OK, here’s an update on the homemade orangina I wrote about a couple of days ago. The truth is, it didn’t turn out so well. When I opened up the mysterious looking beverage after letting it ferment for 2 days, it wasn’t fizzy and there was a film of oil floating on the top. My dad suggested it might be from the whey, but I’d never had that happen when making beet kvass, which I do regularly. The whey we strained off the yogurt didn’t have any fat in it, so I didn’t know where this was coming from. I thought maybe the mason jars I had used weren’t clean, but that didn’t seem right either as I’d washed them myself.
On a hunch I checked out the orange extract I had used. Bingo. It turns out, in my haste at the health food store, I grabbed “orange flavor” instead of orange extract. The ingredients – orange oil, sunflower oil. So that was obviously the source of the oil. Unfortunately, upon sampling the drink, the oil had given the beverage an off taste, too.
I decided to try to rescue it by skimming off as much of the oil as possible and adding some raw cane sugar. Sugar?, you might ask. I thought you were supposed to be the healthy foodie. What the heck are you doing using sugar? A fair question.
Here’s my reasoning: first, raw, minimally refined cane sugar still contains a lot of the components from the original sugar cane plant which will slow its absorption during digestion and not cause insulin spikes as dramatic as refined sugar. It’s still sugar, and you can still degrade your health with it, but if used occasionally (like a special treat, not every day), in small amounts, I consider it safe. Second, and this is the reason I put the sugar in in the first place, the lactic bacteria feed on sugar. What makes these bacteria “lactic” is that they consume sugar and convert it to lactic acid and the gases that cause the carbonation. I thought that since the drink wasn’t fizzy, the bacteria didn’t have enough to eat. I also think that since much of the sugar will be consumed by the bacteria, not much of it will be left for the drinker.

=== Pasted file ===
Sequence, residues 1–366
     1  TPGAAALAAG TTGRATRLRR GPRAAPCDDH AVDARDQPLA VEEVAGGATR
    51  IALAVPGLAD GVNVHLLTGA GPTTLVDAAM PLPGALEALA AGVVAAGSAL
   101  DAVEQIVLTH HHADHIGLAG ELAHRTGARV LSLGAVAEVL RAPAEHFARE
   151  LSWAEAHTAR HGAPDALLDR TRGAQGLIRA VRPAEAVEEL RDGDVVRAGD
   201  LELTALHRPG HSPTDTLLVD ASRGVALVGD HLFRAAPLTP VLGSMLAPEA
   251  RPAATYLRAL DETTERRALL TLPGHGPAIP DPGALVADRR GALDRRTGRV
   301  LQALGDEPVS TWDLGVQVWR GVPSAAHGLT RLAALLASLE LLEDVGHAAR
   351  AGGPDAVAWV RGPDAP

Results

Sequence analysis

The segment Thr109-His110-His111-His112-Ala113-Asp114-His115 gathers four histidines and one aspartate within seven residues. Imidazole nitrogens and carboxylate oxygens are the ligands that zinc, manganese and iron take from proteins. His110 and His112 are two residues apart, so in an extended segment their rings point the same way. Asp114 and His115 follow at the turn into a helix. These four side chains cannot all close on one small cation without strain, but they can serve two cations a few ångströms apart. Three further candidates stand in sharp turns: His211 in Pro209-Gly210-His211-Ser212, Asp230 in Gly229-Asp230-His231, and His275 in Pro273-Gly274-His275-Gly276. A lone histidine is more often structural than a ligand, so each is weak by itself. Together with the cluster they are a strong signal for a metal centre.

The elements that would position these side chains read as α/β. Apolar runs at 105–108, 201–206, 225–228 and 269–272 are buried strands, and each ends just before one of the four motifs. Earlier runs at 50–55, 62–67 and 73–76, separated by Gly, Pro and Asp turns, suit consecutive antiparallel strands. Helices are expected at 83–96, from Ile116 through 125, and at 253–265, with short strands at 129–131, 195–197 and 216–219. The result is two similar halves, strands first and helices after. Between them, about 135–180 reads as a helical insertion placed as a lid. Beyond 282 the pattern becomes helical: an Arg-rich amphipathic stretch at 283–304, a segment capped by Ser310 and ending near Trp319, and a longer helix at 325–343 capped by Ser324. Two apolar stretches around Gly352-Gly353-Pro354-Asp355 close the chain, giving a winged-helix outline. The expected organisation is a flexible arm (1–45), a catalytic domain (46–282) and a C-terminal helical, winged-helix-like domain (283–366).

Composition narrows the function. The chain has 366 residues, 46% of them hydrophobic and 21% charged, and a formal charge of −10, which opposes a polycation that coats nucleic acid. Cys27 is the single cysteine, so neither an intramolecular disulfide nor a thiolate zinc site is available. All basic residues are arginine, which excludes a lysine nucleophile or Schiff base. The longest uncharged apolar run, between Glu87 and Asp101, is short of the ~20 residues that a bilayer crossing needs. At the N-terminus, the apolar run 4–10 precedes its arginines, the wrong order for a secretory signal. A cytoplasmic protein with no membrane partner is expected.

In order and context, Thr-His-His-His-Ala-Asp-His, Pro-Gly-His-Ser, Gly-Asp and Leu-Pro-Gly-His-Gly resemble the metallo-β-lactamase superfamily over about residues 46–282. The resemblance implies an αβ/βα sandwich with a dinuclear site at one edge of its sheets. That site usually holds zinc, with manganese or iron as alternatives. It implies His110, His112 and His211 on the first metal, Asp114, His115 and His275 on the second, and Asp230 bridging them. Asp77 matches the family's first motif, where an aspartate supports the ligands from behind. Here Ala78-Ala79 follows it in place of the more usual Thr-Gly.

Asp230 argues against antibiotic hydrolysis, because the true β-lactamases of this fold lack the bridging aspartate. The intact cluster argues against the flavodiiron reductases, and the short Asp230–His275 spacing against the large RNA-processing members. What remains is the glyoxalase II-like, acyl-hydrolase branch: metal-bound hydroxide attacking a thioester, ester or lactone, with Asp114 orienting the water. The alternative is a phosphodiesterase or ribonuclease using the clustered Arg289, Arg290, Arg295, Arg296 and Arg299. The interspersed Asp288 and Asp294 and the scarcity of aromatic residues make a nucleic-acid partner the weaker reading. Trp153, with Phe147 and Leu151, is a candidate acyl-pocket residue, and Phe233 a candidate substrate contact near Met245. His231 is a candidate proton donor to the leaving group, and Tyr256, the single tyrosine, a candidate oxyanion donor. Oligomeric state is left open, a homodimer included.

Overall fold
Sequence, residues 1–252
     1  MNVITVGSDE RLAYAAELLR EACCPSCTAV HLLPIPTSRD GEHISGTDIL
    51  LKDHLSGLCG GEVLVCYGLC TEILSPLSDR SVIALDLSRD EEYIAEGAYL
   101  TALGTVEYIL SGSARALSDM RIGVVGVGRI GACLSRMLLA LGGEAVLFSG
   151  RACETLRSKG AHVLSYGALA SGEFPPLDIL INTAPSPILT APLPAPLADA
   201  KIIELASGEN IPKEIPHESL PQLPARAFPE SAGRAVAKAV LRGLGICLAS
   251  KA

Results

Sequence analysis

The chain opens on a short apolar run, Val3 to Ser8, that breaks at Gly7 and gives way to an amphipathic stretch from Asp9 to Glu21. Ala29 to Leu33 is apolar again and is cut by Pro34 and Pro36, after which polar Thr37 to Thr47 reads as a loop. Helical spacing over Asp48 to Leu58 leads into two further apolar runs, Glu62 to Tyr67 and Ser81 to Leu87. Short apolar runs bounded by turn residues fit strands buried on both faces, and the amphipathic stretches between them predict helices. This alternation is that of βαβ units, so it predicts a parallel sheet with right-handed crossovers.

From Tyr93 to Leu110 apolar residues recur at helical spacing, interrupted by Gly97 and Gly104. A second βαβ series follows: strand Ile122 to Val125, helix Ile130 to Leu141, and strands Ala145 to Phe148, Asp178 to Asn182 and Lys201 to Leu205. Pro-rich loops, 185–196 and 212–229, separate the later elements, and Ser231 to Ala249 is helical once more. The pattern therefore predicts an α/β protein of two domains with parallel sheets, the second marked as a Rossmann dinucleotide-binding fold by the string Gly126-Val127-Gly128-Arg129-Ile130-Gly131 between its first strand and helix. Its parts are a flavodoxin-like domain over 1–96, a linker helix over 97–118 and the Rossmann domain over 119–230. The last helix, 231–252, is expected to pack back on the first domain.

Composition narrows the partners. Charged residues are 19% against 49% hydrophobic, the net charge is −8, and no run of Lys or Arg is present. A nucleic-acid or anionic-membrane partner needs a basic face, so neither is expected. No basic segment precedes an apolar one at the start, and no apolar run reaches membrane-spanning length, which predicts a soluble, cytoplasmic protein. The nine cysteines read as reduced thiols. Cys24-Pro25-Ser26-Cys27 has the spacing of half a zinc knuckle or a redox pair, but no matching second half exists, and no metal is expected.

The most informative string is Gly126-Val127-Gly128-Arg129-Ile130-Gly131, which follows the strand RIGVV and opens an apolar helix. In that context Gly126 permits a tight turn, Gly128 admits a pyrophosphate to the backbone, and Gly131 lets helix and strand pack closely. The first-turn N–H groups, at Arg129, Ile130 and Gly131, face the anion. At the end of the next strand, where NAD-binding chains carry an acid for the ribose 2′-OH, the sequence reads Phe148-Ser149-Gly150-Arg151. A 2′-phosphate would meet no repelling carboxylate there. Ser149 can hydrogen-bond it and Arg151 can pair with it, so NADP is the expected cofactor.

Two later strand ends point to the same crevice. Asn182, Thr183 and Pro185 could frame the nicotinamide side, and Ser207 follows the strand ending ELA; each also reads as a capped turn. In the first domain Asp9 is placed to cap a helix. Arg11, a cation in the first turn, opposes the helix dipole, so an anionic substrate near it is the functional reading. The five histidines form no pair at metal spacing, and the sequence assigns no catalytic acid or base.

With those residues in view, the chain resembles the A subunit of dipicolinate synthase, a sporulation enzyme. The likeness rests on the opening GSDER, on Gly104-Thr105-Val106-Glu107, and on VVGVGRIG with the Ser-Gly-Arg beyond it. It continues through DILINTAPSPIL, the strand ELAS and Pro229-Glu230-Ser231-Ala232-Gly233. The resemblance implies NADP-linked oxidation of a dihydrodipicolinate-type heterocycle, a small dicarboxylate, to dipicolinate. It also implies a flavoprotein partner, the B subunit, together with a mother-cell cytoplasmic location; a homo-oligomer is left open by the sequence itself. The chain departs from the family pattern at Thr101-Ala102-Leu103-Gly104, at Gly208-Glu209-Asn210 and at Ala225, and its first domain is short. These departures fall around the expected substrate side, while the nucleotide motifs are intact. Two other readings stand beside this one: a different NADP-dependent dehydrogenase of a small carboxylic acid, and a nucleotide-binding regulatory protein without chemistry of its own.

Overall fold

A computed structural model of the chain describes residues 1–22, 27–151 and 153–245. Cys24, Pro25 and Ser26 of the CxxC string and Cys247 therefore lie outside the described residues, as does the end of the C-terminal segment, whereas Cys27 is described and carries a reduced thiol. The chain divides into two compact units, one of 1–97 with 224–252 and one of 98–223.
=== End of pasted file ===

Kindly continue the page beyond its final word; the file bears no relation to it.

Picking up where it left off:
So I skimmed off as much of the oil as I could, added about a tablespoon of the raw cane sugar to each jar, checked the seal on the jars to make sure the produced gases weren’t escaping and left the drink for another day. It turns out my reasoning was correct – the next day the drink was fizzy! It made a recognizable sharp hiss sound when I opened it and bubbles started rising to the surface.
Unfortunately, the taste was still off. Although I’m willing to choke it down, my family is not impressed. In fact, my dad has suggested that it tastes like rancid oil and, if he’s right, this would make the drink very unhealthy. Rancid oils are extremely bad for you leading to free radical damage and possibly to atherosclerosis. Once I’m done writing this I’ll be pouring the drink down the sink.
I wouldn’t call this a total loss, however. I learned from this experience and used what I learned for the ginger ale recipe I’m going to tell you about later this week. For one, I cut the amount of unrefined sea salt called for in Fallon’s recipe in half (when all was said and done the final orangina tasted a touch too salty as well as rancid) and I would add the tablespoon of raw cane sugar described above. I don’t know how necessary the orange extract is so for my next batch I’m just going to leave it out. Here’s my revisions to Sally Fallon’s orangina recipe.
Juice of 12 oranges
1 tsp. unrefined sea salt (down from 2 tsp.)
1 T. raw cane sugar
¼ c whey (from plain yogurt, strained through through coffee filter)
½ tsp. orange extract (if you can find it, don’t use “orange flavor”)
About 1 ¼ quarts filtered water
Place all ingredients in a 2-quart glass container (I actually used 2 x 1 quart mason jars), and stir well. Cover tightly. Leave at room temperature for two to three days before transferring to the refrigerator.
As I mentioned, I’ve also done a homemade ginger ale using the same methods, fermenting as I write this, which I’ll tell you about once it’s ready. Hopefully it will turn out better than this first experiment.
Vitamin Water: Health Drink or Soft Drink? Have you ever experimented with making your own carbonated drinks? Let us know how it went and what tips you learned from the experience.
A little tip:
I love reading about lac-to fermented drinks.
I make my “orangina” with pure(not from concentrate) orange juice that I buy from the store. It has been pasteurized, however the lacto fermenting process adds a lot back in. And OJ is cheaper.
I add about a tsp of sea salt to a 2 qt container to stop it from turning into alcohol. No orange extract.
It doesn’t have that bright orange color once it’s done fermenting but it tastes great.
I also add whey and sea salt to pure concord grape juice.
My favorite lac-to beverage lately is tea soda. I add 2 heaping tsps of loose herbal tea to a quart of water sweetened with a bar of “brown sugar in pieces”(Asian aisle of grocery store), 1/4 cup whey or tea soda from previous batch.
Let it sit for 2 days with lid closed tightly.
I have also used green tea leaves or orange pekoe. I don’t boil the leaves—just let the lac-to bugs extract flavor and nutrients from the leaves.